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Historians and scholars generally ascribe the title of president to a national government’s democratically elected head chosen directly or indirectly by the people. The position and the term originated in the United States in 1787 and the first head of state to bear the title of president was George Washington.

Several Latin American and Caribbean nations, after liberation from Spanish rule, soon set up republics and elected presidents as their national leaders. The first European ruler to adopt the title, but for distinctly nondemocratic purposes, was Napoleon Bonaparte, proclaiming himself President of the Italian Republic in 1802 before going on to become King of Italy and Emperor of France.

The first Asian government to make its national leader president was the Republic of China in 1912 and the man was Sun Yat-sen. 

After the eras of Mao Zedong and Deng Xiaoping as Paramount Leaders, the CCP found it useful to seek the patina of international respect and democratic legitimacy that was accorded the title of president and enjoyed by leaders of the United States and other democracies. Jiang Zemin was the first Chinese leader to use the title of president on a regular basis with foreign audiences. But neither he nor his successors had any intention of adopting Western democratic methods to elect the Chinese president. Instead, they followed the authoritarian Napoleonic model and simply appropriated the honorific.

Xi clearly relishes Western officials and media calling him president and putting him on the same level of official respect and international legitimacy as the American president. Trump, who prefers to call most world leaders by their first names to show his personal familiarity with them, seems only too happy to address and refer to the Chinese leader as President Xi, rather than as Jinping. Xi so enjoys the title and the power that goes with it that he has discarded the CCP’s tradition of two five-year terms and made himself president-and-everything-else for life.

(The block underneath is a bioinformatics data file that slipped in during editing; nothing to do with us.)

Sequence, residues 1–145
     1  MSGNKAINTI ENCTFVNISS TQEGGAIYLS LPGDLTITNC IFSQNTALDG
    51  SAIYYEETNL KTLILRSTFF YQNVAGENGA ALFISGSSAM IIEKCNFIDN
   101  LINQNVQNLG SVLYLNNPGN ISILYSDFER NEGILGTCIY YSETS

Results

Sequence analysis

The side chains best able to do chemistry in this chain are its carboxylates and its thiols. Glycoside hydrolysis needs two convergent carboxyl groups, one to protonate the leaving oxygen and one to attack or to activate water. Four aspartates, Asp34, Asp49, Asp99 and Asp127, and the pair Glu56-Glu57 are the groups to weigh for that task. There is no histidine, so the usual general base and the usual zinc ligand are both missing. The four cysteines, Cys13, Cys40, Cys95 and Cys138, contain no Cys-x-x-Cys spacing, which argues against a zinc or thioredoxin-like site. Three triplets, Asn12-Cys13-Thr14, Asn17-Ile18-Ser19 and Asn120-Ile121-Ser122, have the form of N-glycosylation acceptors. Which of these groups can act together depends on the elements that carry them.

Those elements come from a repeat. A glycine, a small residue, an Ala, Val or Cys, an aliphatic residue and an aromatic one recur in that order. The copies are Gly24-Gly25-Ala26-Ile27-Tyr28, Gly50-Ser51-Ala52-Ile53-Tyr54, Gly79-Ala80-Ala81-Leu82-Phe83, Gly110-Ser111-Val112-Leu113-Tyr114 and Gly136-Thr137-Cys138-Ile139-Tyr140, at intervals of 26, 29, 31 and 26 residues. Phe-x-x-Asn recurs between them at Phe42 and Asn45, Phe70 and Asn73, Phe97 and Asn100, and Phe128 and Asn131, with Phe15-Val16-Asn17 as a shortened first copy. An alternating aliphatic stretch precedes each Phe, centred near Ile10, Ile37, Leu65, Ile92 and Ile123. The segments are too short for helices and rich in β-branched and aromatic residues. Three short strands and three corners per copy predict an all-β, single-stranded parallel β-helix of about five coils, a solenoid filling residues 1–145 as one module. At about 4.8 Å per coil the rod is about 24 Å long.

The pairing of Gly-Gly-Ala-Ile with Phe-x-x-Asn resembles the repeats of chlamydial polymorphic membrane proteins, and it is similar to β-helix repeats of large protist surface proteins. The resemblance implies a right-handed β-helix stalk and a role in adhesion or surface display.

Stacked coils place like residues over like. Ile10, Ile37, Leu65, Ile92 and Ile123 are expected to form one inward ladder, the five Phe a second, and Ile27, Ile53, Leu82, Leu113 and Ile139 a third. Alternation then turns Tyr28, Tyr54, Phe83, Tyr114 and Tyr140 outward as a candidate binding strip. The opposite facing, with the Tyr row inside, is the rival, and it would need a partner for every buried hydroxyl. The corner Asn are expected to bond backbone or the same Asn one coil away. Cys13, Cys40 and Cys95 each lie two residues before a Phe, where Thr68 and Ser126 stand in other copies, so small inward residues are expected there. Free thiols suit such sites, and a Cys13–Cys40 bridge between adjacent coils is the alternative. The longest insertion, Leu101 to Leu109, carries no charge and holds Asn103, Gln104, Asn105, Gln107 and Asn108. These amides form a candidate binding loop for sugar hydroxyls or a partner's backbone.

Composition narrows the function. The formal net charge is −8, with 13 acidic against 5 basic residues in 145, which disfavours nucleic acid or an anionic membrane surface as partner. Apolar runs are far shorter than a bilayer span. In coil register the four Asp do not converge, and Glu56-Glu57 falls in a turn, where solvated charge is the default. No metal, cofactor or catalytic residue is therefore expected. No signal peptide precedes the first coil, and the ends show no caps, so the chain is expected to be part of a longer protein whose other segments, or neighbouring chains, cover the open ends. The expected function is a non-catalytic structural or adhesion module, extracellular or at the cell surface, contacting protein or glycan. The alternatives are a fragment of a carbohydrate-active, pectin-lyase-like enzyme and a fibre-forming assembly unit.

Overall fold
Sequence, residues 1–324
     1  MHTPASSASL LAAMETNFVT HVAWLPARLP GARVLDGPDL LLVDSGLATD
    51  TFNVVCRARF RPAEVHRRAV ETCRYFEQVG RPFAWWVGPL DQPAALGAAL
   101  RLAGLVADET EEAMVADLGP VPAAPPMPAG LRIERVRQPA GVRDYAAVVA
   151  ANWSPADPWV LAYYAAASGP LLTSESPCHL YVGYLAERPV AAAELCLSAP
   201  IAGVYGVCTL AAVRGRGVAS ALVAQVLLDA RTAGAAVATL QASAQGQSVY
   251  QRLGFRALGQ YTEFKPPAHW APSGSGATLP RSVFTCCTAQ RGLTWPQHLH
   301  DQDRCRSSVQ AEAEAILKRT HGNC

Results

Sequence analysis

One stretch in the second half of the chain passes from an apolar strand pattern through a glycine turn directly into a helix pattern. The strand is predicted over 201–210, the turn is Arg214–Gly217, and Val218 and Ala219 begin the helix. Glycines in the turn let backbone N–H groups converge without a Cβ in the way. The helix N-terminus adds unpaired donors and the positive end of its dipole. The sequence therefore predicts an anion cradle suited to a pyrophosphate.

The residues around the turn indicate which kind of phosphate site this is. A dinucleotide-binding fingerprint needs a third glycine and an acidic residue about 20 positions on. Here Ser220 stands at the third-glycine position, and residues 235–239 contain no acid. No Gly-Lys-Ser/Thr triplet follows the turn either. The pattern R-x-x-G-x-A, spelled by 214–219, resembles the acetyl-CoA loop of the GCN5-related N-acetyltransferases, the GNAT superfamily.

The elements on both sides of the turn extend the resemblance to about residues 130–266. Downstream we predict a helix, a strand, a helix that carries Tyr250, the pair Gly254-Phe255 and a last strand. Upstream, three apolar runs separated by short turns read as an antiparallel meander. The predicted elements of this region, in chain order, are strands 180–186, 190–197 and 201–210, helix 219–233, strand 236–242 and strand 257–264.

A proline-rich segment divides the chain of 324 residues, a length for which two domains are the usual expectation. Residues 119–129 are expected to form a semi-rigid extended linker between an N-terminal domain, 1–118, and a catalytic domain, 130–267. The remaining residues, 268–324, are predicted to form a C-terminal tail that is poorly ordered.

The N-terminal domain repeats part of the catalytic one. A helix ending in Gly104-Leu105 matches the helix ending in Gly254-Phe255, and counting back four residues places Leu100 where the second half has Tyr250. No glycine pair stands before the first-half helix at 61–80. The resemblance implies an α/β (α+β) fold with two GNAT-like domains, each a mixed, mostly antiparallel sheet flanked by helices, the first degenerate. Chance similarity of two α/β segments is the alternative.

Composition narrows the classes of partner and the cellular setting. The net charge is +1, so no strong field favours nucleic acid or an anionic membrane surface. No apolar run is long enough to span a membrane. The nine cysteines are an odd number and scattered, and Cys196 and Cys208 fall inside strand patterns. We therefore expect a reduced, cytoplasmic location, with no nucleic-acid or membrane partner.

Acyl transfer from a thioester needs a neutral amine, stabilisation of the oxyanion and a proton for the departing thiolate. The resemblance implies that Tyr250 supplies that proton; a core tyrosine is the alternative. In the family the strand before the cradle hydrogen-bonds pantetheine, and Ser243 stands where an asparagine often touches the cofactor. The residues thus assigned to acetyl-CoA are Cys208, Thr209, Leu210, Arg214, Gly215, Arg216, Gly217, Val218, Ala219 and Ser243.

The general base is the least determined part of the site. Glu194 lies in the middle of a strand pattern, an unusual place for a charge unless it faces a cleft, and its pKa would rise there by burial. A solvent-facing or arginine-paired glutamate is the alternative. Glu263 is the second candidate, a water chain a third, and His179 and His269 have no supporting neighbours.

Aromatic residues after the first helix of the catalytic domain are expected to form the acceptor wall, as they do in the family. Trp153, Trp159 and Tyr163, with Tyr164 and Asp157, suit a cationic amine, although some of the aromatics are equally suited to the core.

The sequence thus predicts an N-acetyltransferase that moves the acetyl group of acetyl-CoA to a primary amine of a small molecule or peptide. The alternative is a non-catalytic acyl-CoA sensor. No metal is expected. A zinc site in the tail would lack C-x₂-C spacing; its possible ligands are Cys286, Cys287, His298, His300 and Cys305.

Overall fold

George Washington, America’s and the world’s first president and called “the indispensable man” for his time, was offered such a lifetime position. He declined it, believing that no man is indispensable and confident in the knowledge that the young country of less than half a million people eligible to serve had plenty of perfectly capable leaders who could move it forward on its freedom destiny. Xi and his CCP comrades do not believe the Chinese people are capable of finding competent alternative leaders among China’s 1.3 billion population. More likely, they fear that the real China dream is the same as the American Dream and of people around the world: freedom.

Perhaps some day “President” Xi will demonstrate the same political courage that President Tsai has shown twice by taking her case to the Taiwanese people and respecting their judgment.  President Trump also relies on the democratic process to pursue his vision of America’s future, and, like Tsai, is willing to have the American people judge his record and decide whether they want to continue with his leadership. He might want to suggest that his Chinese friend give it a try. After all, Xi is supremely convinced that only he is fit to govern China and that the Chinese people must surely agree, so Trump might ask him, “What do you have to lose?”

Joseph Bosco served as China country director for the secretary of Defense from 2005 to 2006 and as Asia-Pacific director of humanitarian assistance and disaster relief from 2009 to 2010. He is a nonresident fellow at the Institute for Corean-American Studies and a member of the advisory board of the Global Taiwan Institute.